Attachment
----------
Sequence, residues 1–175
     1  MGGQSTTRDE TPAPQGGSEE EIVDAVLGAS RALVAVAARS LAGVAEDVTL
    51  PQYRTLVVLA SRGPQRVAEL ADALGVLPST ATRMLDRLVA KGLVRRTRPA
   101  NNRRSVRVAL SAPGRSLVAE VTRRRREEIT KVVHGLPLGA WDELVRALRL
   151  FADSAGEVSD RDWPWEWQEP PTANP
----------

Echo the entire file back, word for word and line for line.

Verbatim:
Sequence, residues 1–175
     1  MGGQSTTRDE TPAPQGGSEE EIVDAVLGAS RALVAVAARS LAGVAEDVTL
    51  PQYRTLVVLA SRGPQRVAEL ADALGVLPST ATRMLDRLVA KGLVRRTRPA
   101  NNRRSVRVAL SAPGRSLVAE VTRRRREEIT KVVHGLPLGA WDELVRALRL
   151  FADSAGEVSD RDWPWEWQEP PTANP